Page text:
Oh how I love this time of year.
It’s no secret that I’m not a fan of autumn and winter but December is most definitely excused.
I LOVE the festive season; the run up to Christmas is magical.
Preparation for the big day seems to consume my every waking minute and I love the way that the mood seems to be lighter — most people seem happier — and there’s a an air of excitement, almost as soon as the calendar rolls over from November.
It’s also the time of year that I like to cosy up indoors and indulge in a spot of crafting or baking. I barely seem to do any over the summer months — I’d much rather spend time outdoors than cooped up in the house — but winter (and especially the run up to Christmas) is the perfect excuse to stay inside and cook up a storm.
Gingerbread cookies are brilliant at any time of year but especially at Christmas.
The aroma of treacle and spices, as they’re cooking, is so festive. It’s the best kind of scent to welcome guests into your home.
These little Christmas themed biscuits are perfect to serve up to hungry visitors too, or boxed up to give as gifts (if you can manage to part with them!).
How to Make Christmas Snow Globe Cookies
This biscuit recipe itself is tried and tested. It makes wonderfully moreish biscuits that have a gentle snap when you break them and are soft to the bite. They’re delicious.
For the gingerbread biscuits
You will need:
200g plain flour
½ teaspoon baking powder,
½ teaspoon each of mixed spice, ground ginger and cinnamon
50g dark muscovado sugar
100g salted butter softened and diced
50g black treacle
Preheat the oven to 170C/150C fan/gas 3 before you begin making your biscuits or when ready to cook.
Sift the flour, baking powder and all the spices into a mixing bowl. Add the sugar and mix well.
Add the butter. Using just the tips of your fingers, rub the ingredients together until they resemble fine breadcrumbs.
When all the butter is evenly mixed in, make a well in the centre and add the treacle. Bring the mixture together to form a soft dough, combining lightly until it has an even colour with not too many streaks of treacle (I did this bit in the Kitchenaid to avoid handling it). Lightly form into a ball.
Divide into two and squash it into two even-sized flattish discs.
Place one disc of dough on a sheet of baking parchment. Begin by gently squashing the dough down with the rolling pin or your hands, cover with a second sheet of parchment then use the rolling pin to roll properly. If the top sheet crinkles, just peel it off, smooth it down gently and start rolling again. Gently roll the dough until it is 5mm thick all over.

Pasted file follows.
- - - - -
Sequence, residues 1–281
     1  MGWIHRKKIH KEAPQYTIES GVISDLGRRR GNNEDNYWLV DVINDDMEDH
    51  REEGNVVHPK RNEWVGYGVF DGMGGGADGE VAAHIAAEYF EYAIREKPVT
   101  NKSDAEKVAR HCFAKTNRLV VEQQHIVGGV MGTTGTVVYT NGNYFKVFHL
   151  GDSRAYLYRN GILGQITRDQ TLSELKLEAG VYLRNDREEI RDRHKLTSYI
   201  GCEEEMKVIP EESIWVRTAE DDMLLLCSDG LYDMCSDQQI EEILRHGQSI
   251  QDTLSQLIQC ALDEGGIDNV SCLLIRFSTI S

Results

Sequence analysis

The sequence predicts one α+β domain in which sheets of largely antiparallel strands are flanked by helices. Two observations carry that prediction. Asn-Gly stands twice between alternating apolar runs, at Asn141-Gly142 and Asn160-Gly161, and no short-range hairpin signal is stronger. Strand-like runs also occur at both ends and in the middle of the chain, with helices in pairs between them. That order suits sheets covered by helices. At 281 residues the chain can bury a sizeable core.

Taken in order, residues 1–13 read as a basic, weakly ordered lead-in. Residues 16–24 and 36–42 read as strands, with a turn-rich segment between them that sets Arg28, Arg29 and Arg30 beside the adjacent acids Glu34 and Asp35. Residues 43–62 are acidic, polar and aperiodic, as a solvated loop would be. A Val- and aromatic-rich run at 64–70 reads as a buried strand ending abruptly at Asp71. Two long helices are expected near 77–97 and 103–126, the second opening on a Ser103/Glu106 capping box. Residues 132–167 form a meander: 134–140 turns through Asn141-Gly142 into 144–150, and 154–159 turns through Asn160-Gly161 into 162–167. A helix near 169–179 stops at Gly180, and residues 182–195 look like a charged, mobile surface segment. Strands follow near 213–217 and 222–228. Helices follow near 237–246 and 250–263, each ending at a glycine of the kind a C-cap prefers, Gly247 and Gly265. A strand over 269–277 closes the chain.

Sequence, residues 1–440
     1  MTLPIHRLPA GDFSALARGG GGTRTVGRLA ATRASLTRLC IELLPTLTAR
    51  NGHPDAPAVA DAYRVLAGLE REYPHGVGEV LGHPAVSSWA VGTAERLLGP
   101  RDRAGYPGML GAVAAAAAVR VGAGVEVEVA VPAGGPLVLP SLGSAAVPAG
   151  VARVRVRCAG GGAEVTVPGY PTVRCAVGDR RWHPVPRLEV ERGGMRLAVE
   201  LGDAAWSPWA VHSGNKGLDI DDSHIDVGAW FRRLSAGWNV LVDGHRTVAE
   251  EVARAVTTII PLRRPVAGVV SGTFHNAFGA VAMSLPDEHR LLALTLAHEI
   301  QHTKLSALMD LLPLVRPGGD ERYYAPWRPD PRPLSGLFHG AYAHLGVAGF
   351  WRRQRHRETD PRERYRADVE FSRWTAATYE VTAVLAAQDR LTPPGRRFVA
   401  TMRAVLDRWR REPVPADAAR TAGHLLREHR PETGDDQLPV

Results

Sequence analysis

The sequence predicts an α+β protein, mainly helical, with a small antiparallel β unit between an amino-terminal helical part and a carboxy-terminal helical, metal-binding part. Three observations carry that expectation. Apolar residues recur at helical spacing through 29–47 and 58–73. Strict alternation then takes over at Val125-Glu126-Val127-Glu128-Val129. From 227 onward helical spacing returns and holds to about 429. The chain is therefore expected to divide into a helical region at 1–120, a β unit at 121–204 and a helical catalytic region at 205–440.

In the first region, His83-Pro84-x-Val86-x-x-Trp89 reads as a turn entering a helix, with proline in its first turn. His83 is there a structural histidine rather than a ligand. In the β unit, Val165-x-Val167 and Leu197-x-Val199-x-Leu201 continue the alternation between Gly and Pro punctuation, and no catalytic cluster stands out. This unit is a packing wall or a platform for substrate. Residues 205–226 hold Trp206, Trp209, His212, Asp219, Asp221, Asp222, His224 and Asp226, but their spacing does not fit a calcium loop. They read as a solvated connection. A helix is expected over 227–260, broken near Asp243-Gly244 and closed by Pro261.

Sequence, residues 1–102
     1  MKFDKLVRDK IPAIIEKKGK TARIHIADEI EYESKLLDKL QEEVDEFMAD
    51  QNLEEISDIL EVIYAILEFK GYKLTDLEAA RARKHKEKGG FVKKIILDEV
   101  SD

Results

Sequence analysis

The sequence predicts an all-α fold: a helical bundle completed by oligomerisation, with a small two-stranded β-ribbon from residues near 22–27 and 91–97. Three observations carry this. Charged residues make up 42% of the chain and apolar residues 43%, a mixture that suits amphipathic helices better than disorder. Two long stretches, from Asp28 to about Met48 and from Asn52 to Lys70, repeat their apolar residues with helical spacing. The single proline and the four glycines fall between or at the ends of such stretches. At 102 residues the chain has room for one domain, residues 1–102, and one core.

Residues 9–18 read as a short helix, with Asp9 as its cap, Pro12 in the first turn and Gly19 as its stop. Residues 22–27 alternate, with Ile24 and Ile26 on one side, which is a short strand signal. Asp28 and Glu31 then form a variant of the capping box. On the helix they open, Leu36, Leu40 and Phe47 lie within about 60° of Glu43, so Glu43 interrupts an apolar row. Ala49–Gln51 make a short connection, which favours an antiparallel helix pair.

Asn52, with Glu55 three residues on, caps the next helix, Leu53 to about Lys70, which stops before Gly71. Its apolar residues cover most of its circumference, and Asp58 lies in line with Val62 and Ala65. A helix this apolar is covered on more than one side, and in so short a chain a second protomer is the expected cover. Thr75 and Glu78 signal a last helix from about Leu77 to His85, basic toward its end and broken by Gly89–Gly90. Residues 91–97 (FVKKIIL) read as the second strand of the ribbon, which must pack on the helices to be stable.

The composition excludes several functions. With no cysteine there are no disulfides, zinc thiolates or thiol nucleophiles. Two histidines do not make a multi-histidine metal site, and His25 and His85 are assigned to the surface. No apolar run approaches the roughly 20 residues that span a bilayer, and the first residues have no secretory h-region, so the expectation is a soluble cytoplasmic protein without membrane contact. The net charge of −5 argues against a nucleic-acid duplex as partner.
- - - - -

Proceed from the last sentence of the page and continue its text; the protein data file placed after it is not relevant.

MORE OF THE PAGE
Transfer the sheet of rolled dough, still sandwiched between its parchment, to a baking tray and place in the fridge to chill for at least 20-30 minutes before cutting. Repeat the process with the rest of the dough.
Using your cutter, cut out the biscuits as close together as possible, lifting each one on to a parchment-covered baking tray and making sure that they are not too close together, as the dough will spread a little on baking.
Evenly space the trays in the oven and cook for 10-16 minutes, depending on your oven. Keep a close eye on the first couple of batches you cook until you get used to the recipes and your oven*.
*Mine cook in just 10 minutes in the top of the top oven of our AGA.
To decorate the biscuits, make up some royal icing. There are a gazillion recipes on the internet — all showing various quantities — but I make mine like this:
For the royal icing
You will need:
450g icing sugar
1 egg white
1 teaspoon of lemon juice
Food colouring gels
Beat the egg white with an electric whisk or mixer until it goes frothy.
Then add the lemon juice, followed by the sifted icing sugar spoon by spoon, on a high speed until you have the desired consistency.
I make my lining icing the consistency of toothpaste. The above icing recipe was perfect for this but you can add a little water to make sure you have the right consistency.
Next add your food colouring to the icing and mix well.
To Decorate Your Cookies
Spoon the icing into a plastic piping bag and snip the end off. Not too much though!! You want your lines to be small and neat!
Pipe a line around the edge of the biscuit first, then leave to dry for 10 minutes.
To flood the background of the cookies, water down the icing with a little water.
This makes it much easier to work with, as it’s much looser — almost like the consistency of single cream.
You can use a toothpick to tease the icing into all of the corners.
Release Your Inner Van Gogh
Leave the backgrounds to dry.
If you can muster the patience it’s worth leaving them overnight. Once they’ve hardened, you can begin to add the details to your cookies.
Use the same icing consistency that you used for the outlines.
Create as many dots and squiggles as you like! You can also add sweets, sugar balls and edible glitter too.
As I wanted to recreate my little snow-globe in biscuit form, I used food-colouring to handpaint the little robins on to the front of each biscuit. I figured it would be much easier than piping them on.
Plus I’ve spoken on the blog about enjoying water-colour painting and this was kind of the same thing! It was so therapeutic!
Once the robins had dried, I finished off the biscuits with little dots of piped icing, to look like snow.
A plateful of festive biscuits, inspired by some of our favourite decorations!